A new framework allows humans to quickly teach robots what they want them to do.
Counterfactual explanations are generated to describe necessary changes for robot success.
Feedback from humans helps fine-tune the robot's training, making the process more efficient.
This method outperforms other techniques, improving robot learning in new environments.
The framework holds promise for robots assisting the elderly and individuals with disabilities.
Robots often struggle with objects and spaces not encountered during training.
The framework employs imitation learning to teach robots specific tasks.
By determining important task elements, it generates new synthetic data by altering unimportant visual concepts.
This data augmentation process helps the robot recognize objects irrespective of non-essential features.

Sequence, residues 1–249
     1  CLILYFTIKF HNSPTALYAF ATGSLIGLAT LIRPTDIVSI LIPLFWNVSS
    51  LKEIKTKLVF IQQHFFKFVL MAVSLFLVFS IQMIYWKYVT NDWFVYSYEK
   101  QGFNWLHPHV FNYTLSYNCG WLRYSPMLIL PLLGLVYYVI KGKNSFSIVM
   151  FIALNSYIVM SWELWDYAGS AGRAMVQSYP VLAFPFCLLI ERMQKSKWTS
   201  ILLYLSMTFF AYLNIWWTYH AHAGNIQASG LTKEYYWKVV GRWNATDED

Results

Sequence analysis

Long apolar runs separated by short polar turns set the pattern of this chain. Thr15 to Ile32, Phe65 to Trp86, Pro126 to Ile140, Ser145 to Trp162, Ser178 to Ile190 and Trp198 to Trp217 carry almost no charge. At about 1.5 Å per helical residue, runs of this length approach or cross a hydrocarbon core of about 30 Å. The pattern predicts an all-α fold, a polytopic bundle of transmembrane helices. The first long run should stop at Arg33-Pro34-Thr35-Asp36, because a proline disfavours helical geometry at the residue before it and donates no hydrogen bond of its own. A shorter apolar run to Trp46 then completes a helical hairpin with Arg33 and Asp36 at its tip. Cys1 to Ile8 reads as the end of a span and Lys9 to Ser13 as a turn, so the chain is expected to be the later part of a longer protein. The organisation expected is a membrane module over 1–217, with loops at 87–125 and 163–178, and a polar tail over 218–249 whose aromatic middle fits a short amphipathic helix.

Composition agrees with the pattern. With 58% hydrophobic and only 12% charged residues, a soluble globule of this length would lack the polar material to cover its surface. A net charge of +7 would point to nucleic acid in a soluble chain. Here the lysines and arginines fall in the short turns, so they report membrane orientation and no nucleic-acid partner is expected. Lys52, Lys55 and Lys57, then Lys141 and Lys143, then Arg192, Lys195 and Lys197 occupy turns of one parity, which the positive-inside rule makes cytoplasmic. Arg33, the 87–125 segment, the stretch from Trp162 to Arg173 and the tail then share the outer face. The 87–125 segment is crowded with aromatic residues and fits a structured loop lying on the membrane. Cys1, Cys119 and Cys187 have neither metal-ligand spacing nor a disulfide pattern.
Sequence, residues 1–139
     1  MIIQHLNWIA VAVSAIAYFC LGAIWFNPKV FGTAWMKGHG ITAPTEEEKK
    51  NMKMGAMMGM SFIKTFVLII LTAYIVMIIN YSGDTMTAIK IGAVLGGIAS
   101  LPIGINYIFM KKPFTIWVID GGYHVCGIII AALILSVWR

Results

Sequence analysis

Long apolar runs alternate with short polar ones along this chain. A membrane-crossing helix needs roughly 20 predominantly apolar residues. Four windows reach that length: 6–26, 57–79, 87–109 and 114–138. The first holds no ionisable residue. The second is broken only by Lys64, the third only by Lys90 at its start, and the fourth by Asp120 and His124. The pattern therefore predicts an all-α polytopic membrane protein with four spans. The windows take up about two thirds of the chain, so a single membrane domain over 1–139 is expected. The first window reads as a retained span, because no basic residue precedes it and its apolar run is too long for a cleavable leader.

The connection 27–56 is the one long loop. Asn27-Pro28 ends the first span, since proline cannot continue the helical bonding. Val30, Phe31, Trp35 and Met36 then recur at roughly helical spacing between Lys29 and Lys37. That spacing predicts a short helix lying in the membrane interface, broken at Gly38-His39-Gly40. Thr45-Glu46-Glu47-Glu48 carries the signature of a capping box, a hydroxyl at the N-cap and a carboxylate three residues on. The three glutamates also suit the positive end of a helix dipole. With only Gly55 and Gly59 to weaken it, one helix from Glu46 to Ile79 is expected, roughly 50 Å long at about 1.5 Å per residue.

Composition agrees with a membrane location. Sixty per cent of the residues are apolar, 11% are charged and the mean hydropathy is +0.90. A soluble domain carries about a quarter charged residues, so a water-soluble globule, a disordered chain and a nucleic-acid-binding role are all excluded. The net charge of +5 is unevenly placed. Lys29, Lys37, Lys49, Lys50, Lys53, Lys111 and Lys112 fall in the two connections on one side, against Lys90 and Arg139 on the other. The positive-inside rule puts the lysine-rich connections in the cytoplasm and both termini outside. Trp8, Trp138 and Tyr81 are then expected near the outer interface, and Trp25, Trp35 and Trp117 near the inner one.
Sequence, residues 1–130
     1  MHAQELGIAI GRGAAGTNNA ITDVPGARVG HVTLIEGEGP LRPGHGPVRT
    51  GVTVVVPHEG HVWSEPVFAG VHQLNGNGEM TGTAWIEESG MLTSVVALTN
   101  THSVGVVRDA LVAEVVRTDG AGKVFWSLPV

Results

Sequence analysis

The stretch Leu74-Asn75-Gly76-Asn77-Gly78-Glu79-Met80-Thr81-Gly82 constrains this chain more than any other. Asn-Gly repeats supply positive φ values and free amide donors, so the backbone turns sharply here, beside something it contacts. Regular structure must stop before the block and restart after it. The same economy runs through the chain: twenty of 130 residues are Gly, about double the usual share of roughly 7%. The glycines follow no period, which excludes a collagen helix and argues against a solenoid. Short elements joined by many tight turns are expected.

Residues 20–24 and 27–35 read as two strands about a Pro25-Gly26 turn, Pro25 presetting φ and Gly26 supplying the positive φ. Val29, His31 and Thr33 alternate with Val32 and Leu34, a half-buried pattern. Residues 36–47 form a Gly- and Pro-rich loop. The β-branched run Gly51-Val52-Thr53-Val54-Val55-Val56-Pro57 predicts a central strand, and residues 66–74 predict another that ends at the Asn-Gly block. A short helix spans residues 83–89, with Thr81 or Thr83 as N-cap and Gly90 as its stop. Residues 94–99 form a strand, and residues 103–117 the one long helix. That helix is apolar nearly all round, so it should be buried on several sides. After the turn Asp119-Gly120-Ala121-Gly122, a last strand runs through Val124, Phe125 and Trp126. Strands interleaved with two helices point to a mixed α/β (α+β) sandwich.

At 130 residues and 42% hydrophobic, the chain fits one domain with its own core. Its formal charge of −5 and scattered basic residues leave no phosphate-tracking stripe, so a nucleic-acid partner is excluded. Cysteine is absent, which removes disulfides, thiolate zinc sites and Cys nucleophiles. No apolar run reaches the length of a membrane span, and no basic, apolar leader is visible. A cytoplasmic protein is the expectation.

User feedback is collected to identify visual concepts unrelated to the desired action.
Counterfactual explanations assist human users in identifying changeable elements without affecting the task.
Applied in simulations, the framework accelerates robot learning compared to other methods.
Future research will test the framework on real robots and enhance data creation using generative machine-learning models.
The ultimate goal is to enable robots to reason in a semantically meaningful way, similar to humans.
This research is supported by organizations like the National Science Foundation and the MIT-IBM Watson AI Lab.